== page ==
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DNA Recovery from Formalin-Fixed Specimens by the Consortium for the Barcode of Life Sponsored by the Consortium for the Barcode of Life.

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Presentation on theme: "DNA Recovery from Formalin-Fixed Specimens by the Consortium for the Barcode of Life Sponsored by the Consortium for the Barcode of Life."— Presentation transcript:

1 DNA Recovery from Formalin-Fixed Specimens by the Consortium for the Barcode of Life Sponsored by the Consortium for the Barcode of Life

2 DNA Barcode: short standardized sequence enabling species discrimination

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4 Barcodes: Developing a Reference Library for Known Species Master key ID all life stages IDs cheap & fast Residual taxonomic uncertainty low

5 DNA Recovery from Formalin-Fixed Specimens

6 Formalin Fixation Routinely used in museum curation and pathology since ~ s of millions of dried, paraffin-embedded tissue samples Museum collections of fish, marine invertebrates, others Principal obstacle to FISH-BOL, other barcoding projects, Census of Marine Life, biomedical research, AToL, etc.

7 NRC Workshop Organized by CBOL, co-funded by: –USDA and EPA –MCZ, Harvard and NESCENT, Duke Univ. –New England Biolabs and Sigma-Aldrich Workshop Committee: –Ann Bucklin (UConn biol. oceanographer), co-chair –Don Crothers (Yale chemist), co-chair –Chris Schander (Univ. Bergen, Norway) –Tim O’Leary (Veterans Admin pathologist) –Alison Williams (Princeton biochemist) 25 Participants: Curators, taxonomists, chemists

8 Workshop Agenda Review past efforts to recover DNA Brainstorm on possible obstacles Develop research agenda aimed at: –Understanding degradation processes –Improving extraction protocols –Developing repair enzymes, reversal processes –Exploring the use of new technologies –Engaging bioinformatics to reassemble fragments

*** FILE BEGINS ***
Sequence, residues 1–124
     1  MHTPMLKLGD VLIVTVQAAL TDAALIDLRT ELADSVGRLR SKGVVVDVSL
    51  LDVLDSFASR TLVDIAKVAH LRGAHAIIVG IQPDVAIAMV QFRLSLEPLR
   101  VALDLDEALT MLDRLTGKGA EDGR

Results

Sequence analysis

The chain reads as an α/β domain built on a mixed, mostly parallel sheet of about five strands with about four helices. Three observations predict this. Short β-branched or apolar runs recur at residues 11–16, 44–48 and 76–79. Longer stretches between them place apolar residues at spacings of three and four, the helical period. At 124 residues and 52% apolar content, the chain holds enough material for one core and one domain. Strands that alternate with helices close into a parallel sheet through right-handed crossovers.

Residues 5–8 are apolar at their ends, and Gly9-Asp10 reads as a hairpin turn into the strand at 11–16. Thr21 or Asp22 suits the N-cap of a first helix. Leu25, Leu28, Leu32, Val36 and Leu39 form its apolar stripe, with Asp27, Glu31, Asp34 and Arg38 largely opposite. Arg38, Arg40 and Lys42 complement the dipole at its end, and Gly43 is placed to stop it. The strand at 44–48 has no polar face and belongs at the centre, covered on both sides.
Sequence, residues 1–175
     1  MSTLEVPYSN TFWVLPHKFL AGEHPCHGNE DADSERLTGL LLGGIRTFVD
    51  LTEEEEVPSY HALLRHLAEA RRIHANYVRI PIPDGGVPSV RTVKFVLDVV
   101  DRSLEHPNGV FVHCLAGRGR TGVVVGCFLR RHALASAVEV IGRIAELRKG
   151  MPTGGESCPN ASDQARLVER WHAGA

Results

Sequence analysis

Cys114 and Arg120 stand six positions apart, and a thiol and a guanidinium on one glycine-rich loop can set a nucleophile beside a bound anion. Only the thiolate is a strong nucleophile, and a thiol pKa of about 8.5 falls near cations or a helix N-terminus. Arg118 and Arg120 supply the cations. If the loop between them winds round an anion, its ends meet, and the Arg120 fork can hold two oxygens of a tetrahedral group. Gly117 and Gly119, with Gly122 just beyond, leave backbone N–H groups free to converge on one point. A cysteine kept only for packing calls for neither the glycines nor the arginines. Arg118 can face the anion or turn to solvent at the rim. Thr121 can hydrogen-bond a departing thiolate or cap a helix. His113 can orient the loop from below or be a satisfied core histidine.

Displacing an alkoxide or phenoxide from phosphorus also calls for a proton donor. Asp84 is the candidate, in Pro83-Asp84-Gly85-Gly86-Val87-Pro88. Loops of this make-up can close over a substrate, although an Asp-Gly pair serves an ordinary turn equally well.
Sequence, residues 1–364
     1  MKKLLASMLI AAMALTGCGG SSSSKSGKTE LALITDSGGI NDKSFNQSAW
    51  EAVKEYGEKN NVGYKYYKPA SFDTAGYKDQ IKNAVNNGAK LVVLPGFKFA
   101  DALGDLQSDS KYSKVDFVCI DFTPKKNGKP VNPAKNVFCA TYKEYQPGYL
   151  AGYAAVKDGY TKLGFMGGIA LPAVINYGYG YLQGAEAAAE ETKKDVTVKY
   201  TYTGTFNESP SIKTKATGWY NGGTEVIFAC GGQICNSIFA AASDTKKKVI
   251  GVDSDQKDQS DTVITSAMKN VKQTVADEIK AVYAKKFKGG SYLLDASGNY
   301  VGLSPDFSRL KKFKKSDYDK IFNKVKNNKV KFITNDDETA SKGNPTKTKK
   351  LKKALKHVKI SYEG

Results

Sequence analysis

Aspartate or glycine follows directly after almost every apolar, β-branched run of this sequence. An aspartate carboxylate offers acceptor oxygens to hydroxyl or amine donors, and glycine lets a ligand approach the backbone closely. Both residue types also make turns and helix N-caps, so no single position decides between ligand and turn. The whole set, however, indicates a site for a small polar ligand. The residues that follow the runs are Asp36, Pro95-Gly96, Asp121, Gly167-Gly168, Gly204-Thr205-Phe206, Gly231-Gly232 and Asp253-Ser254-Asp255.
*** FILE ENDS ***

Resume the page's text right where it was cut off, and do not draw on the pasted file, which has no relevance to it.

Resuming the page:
9 Major findings (1) A variety of degradation processes and chemical obstacles are at work: –Cross-linking with proteins –Oxidation –Acidification –Depurination –Cytosine deamination –Formalin-ethanol interaction –Presence of PCR inhibitors –Point mutations –Denaturation

10 Major findings (2) Different degradation processes may leave chemical/physical signatures Some degradation processes may be reversible, or damage may be repairable Curatorial practices vary widely Relation between curation and degradation processes can be established Some specimens will be hopeless (pH 2.0)

11 Major findings (3) Taxonomists have created “cottage hobby” to extract DNA from formalinized tissue More systematic experimental approach is needed Chemical/physical indicators could: –Identify most promising specimens –Suggest optimal extraction procedures –Lead to improved fixation methods –Identify hopeless specimens

12 Next Steps (1) Understand curatorial processes: How has formalin been used (and is being used) in museums? –Survey selected museums Understand degradation processes: Which processes are at work, and what indicators do they leave? –Analysis of Smithsonian “goldfish time capsule” –Analysis of museum specimens with well-documented curatorial histories

13 Next Steps (2) Characterize formalinized specimens: How does their chemistry vary? –Develop battery of chemical/physical indicators linked to degradation processes –pH, NMR, fragment size, free purines, others Develop a public knowledge base of extraction protocols: What works and what doesn’t? –Compile published studies –Call for information on unpublished studies –Link curatorial history and extraction method to success or failure of DNA recovery

14 Next Steps (3) Test extraction methods in context: Which methods work relative to curatorial history and indicator data? –Create network of cooperating labs, museums –Standardize battery of extraction protocols –Standardize collection of curatorial histories and indicator data (like patient history and vital signs) –Calibrate labs using “Goldfish Standard” –Test across extraction methods, curatorial histories, indicator data

15 Interested in Participating? CBOL and SPNHC will collaborate Contact CBOL Secretariat Office. Write to: or –David Schindel, CBOL Executive Secretary –Andrew Bentley, Collection Manager, Ichthyology, KU Natural History Museum


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